There’s a lot to like about Judgement, and it delivers an intriguingly dark plot to dig your teeth into, despite certain elements seeming a touch clumsy at points (like following people and the unnecessary key mechanism). What’s more, the principal part is played by Japanese pop star and actor Takuya Kimura.

Seventh, Yakuza Kiwami

The standard for how remakes of the classic best yakuza game should be handled has been established by Yakuza Kiwami, a remake of the original game. This is the definitive version of the first game in the series, with all the dialogue from the original cast re-recorded and new sequences added.

Based on the same game engine as Yakuza 0, Yakuza Kiwami adds many features and content. The ‘Majima Everywhere’ side mission is particularly noteworthy since it involves Goro Majima following Kiryu across the game in various disguises, hiding places, and starting confrontations.


It was fantastic to see Yagami and Kaito return in such a badass fashion in Lost Judgement after the popularity of the original. In addition to the well-known alleys of Kamurocho, the Yakuza 8: Mark of the Dragon map of Yokohama is now available to gamers.

Lost Judgement addressed many of the concerns voiced by players of the first game while providing them with a more sinister murder mystery to explore. It’s an all-around upgrade over Judgement, and it even offered the fans a tiny treat with a handful of Yakuza appearances.

Yakuza 6:  The Music of Death and Rebirth

Yakuza 6: The Song of Life is the emotional climax to Kiryu’s journey in the Yakuza series. This episode is as intense as the story gets, as Kiryu cares for his adopted daughter’s kid Haruto while Haruka remains in a coma after being struck by a vehicle.

The three combat methods from Yakuza 0 are merged into one fluid style that is just as effective, but fans will miss them. The side tales, as usual, are a fascinating diversion that may lead to either humorous or very moving moments. Also, the increased emphasis on numbers and experience points will surely please lovers of role-playing games.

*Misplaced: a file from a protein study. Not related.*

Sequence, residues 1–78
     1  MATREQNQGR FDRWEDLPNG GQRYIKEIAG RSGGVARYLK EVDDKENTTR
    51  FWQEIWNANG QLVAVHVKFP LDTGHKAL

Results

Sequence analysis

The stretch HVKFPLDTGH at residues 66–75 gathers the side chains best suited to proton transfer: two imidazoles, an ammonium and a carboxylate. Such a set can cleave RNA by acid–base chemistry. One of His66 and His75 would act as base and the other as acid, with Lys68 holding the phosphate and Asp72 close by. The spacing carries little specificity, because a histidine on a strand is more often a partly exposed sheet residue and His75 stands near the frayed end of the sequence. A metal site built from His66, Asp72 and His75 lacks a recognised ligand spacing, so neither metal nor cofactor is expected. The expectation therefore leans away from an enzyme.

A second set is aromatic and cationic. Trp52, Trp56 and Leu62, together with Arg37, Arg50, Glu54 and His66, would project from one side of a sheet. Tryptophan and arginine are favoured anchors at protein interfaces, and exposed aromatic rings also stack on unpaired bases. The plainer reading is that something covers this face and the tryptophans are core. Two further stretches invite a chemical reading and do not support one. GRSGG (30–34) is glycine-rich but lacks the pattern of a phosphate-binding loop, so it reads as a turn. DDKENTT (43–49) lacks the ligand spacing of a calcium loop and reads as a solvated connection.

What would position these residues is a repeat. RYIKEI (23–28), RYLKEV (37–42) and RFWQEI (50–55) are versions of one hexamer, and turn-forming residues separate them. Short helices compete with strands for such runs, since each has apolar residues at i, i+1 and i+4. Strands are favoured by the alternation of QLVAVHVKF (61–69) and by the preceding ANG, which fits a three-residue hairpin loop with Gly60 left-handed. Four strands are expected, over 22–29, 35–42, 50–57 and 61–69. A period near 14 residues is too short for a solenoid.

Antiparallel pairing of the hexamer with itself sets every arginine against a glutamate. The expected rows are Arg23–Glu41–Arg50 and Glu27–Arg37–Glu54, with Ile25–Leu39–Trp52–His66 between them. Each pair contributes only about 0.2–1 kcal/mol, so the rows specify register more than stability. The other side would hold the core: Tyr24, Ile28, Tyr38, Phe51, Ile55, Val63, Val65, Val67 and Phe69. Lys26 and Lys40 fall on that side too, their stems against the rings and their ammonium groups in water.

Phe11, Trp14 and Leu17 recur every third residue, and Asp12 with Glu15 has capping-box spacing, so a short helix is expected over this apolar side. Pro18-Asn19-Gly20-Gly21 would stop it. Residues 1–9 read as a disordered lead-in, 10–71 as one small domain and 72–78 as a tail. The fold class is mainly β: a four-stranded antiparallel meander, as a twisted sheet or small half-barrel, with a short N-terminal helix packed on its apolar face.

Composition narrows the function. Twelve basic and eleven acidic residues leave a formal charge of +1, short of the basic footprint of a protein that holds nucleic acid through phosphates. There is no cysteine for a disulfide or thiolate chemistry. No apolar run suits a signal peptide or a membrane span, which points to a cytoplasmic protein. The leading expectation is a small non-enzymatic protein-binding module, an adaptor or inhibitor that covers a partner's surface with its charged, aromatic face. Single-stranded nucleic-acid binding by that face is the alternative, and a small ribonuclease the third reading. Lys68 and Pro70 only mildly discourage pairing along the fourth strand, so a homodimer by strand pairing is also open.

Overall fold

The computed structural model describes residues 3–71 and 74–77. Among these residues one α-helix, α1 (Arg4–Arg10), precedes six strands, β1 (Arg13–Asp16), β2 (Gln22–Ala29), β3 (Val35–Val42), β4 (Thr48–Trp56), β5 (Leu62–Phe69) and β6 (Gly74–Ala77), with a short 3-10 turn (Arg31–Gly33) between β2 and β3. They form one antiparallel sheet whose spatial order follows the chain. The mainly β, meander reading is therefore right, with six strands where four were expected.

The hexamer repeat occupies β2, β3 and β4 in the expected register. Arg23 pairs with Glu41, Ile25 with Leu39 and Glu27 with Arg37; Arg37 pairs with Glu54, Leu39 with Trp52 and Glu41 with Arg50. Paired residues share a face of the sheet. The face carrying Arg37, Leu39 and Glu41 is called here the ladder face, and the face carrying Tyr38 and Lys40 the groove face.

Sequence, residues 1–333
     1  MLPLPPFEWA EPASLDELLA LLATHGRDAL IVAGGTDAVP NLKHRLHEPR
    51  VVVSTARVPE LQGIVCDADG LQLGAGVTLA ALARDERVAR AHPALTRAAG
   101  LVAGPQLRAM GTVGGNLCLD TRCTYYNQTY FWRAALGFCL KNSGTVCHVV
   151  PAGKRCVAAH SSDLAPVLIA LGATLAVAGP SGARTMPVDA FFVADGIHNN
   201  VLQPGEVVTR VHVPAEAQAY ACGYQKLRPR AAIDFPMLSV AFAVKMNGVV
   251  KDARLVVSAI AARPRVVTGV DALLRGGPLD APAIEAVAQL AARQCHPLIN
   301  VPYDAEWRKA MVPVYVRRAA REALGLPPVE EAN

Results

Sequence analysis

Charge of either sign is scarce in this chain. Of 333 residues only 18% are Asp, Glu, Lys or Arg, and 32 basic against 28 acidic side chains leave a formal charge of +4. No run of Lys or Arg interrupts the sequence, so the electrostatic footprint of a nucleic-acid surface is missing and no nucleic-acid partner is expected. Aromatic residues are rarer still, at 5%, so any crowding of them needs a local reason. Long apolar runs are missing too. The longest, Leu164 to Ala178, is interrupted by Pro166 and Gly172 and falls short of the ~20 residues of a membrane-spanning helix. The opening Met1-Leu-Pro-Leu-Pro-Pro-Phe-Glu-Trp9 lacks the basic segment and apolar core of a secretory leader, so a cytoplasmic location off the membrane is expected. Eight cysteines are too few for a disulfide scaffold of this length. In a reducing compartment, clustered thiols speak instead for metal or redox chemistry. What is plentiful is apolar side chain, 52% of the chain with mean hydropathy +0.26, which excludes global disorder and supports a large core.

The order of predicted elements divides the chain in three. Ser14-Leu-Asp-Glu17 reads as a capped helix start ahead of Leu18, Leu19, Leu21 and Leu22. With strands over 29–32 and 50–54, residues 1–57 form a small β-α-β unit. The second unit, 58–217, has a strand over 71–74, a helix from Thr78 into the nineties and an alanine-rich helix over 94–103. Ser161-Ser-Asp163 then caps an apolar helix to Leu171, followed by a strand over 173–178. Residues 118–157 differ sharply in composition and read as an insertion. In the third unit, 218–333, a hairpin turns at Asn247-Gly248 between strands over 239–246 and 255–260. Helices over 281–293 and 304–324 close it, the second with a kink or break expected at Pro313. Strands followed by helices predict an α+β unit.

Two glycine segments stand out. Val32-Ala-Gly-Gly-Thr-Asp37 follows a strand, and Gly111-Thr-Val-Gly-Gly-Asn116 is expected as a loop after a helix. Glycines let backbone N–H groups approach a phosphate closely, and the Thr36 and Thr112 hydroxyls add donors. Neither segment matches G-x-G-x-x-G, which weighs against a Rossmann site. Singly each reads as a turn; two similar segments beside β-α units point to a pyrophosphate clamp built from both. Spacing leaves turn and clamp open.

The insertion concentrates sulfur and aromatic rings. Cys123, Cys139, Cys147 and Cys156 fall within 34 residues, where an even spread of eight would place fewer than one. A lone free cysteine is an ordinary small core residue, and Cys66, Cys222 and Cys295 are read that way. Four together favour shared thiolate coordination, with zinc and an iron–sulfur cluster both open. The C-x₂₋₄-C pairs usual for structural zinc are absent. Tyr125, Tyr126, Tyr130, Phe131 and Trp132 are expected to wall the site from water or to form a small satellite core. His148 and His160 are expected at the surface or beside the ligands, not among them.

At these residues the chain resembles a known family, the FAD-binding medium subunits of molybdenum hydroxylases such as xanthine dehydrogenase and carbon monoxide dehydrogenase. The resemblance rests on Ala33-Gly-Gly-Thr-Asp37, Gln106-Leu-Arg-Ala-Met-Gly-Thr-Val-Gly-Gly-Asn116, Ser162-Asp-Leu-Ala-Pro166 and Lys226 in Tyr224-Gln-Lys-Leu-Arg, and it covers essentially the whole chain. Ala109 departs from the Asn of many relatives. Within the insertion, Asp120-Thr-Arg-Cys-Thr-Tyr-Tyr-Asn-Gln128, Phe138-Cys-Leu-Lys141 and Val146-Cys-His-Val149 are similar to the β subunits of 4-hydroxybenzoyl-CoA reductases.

Yakuza Kiwami 2

The second-best yakuza game, Yakuza Kiwami 2, has been remade using the new Dragon Engine. This remake of Yakuza 2 with so much more material is the finest way to play what was already one of the best games in the series.

The ‘Majima Saga’ sub-story also provides a pleasant and organic method to connect the Yakuza Kiwami games to the precursor, Yakuza 0, for those beginning with the prequel.

3 Ishin, Like a Dragon

Ishin was first released in Japan in 2014 and has consistently received high praise as a great entry in the series. Western audiences have been clamouring for localization for years, and this year’s remake-remaster hybrid made their wish come true. Ishin is a unique offshoot of the series because of its focus on ancient Japan.

There are several recognisable faces in the best yakuza game, but they’re all played by new people. The protagonist, for instance, has Kiryu’s appearance but is based on the historical samurai Ryoma Sakamoto of Japan. RGG Studios revamped the plot and redesigned the characters for this release, which also has cameos from other games in the series.

To Ride a Dragon, Vol. 2: Yakuza

Since Yakuza: Like a Dragon is the most recent game in the series, it also serves as a symbolic conclusion to the Yakuza period. RGG Studios decided to take a risk with this game, shifting the focus to a more traditional role-playing game style, complete with turn-based combat, customizable character classes, and a dedicated party. Like a Dragon not only expanded the game world to include Yokohoma but also added a new protagonist, Ichiban Kasuga, to the Yakuza franchise in place of fan favourite Kiryu.

The Score Is: 1 vs. 0 for the Yakuza

Being a precursor, the brand-new best yakuza game is an ideal entry point for newbies to the Yakuza franchise. It’s also among the finest games in the series, and because of it, the franchise won over many new fans. Playing as Kiryu, the series’ primary protagonist, players explore the protagonist’s early days in the Yakuza with a young Goro Majima before the latter’s Mad Dog days.

Visiting and playing vintage Sega arcade games like OutRun, Super Hang-On, and Space Harrier inside Yakuza 0 makes it a strong contender for the title of finest ’80s-themed videogame ever developed. All series devotees should mark their calendars to play this game. It’s based in the same world and tells a similarly styled narrative, but it could contain the series’ most complex plot yet.